29 Mar 2017 19:11 IST

The red bricks were my building blocks

Anushree talks about how the MBA took her places in her career

After graduating from a top-notch school — IIM Ahmedabad — one does ride the wave on the brand name. It gets you to right places and it makes you feel proud and confident. Strangers show sudden respect if they hear you are ‘from IIM-A’. But not many jobs will feel like your MBA prepared you to hit the ground running. Early months will make you realise that you are still being trained and seniors are pretty much hand-holding you. I felt the same.

But as I look back now, six years out, I can see more clearly what I learnt from my MBA. I learnt to learn, clichéd as it may sound. I learnt concepts and formulae and theory too, yes, but I’ve already forgotten the specifics of many. What has stayed and what is actually valuable is an over-arching understanding of how things work, the ability to structure problems and the mental make-up to decipher system dynamics.

Is your MBA still helping you? How?

No doubt it is. I’ll leave the value of the peer network and brand out of this, since you are surely convinced of those already.

Is what I learnt during MBA helping me — most definitely it is! In certain cases, it’s fairly straightforward. For example, I learnt to read financial statements during the programme. That helps me analyse and understand businesses, competitors, projects, and even my personal finances.

Then there are more fluid and intangible concepts like marketing and strategy. A conceptual understanding of these is extremely useful, especially as you grow to take more responsibilities and are vested with decision-making powers; or if you’re starting up on your own.

A good MBA sows the seeds, but they continue to grow and get nourished with real-life experience. In some ways, I feel it is a well-rounded crash course. It sets you up with tools to learn from your environment.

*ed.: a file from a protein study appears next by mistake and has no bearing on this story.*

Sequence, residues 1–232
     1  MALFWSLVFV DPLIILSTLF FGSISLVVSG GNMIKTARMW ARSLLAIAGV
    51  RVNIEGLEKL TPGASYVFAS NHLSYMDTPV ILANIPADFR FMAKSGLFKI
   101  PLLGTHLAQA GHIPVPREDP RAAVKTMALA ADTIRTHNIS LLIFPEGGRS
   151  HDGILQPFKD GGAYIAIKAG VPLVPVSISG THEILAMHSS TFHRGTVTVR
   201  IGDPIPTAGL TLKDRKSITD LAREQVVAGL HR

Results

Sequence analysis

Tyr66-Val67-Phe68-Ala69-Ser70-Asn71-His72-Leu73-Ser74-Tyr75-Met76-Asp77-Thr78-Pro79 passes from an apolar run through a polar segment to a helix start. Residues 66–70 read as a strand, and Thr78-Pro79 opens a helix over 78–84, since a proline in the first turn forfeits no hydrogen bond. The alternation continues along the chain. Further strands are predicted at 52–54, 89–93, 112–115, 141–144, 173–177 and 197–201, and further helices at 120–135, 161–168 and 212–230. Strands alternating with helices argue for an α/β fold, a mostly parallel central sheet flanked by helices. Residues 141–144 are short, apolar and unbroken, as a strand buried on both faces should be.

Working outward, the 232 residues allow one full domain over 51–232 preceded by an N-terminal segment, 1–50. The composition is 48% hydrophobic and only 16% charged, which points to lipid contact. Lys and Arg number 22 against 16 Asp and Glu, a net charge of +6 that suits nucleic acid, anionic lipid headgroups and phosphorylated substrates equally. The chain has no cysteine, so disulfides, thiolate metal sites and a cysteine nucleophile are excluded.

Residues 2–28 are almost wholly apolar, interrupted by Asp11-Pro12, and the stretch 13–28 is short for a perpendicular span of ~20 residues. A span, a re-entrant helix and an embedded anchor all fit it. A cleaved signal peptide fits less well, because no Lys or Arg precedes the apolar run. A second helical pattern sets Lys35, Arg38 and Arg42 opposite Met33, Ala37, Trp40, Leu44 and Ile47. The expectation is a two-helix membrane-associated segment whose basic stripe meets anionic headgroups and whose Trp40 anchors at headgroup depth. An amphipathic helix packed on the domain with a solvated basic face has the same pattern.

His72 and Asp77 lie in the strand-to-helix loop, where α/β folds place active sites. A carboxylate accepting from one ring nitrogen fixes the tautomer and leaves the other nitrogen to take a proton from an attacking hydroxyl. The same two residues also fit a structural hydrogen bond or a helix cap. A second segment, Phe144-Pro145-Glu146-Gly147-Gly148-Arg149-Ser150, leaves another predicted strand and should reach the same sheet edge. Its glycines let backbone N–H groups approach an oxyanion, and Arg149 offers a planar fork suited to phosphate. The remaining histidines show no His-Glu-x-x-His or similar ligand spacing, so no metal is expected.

What courses do B-schools need today?

The world is changing very rapidly around us. Technology is enabling huge disruptions across industries. Some crucial concepts I learnt through my years in strategy consulting include business models, disruption of established ones by new models, and innovation. Even an area like innovation can be taught, to some extent, through guiding frameworks and case examples.

I feel MBA programmes could do more to drive a strong understanding of technology-driven disruptions, technology trends and innovation. Understanding change will be a strength required of professionals in strategic and leadership roles.

What were the best things about my MBA?

Personally, two stand out — pedagogy and calibre of the class. At IIM-A, most courses are taught through a case-based method, where students are hypothetically put in the position of decision-makers, and the class discusses and debates the best decision or choice. The professors skilfully guide students to arrive at answers and learnings themselves.

I feel this made the learning more relatable and engaging than learning through theory; and also more memorable. The class’ calibre is also a huge factor in how much you learn. A talented peer set definitely keeps you driven to do better. Though what’s more important is that through collaborative work and class discussion, one learns as much or more than one does from the books.

Last but not the least, the MBA taught me to work hard. It was the hardest I ever worked in my life, going most nights with just four to five hours of sleep. But I had the energy to socialise, build some deep friendships and participate in several activities beyond academics and I was happy. It didn’t kill me — it made me stronger!

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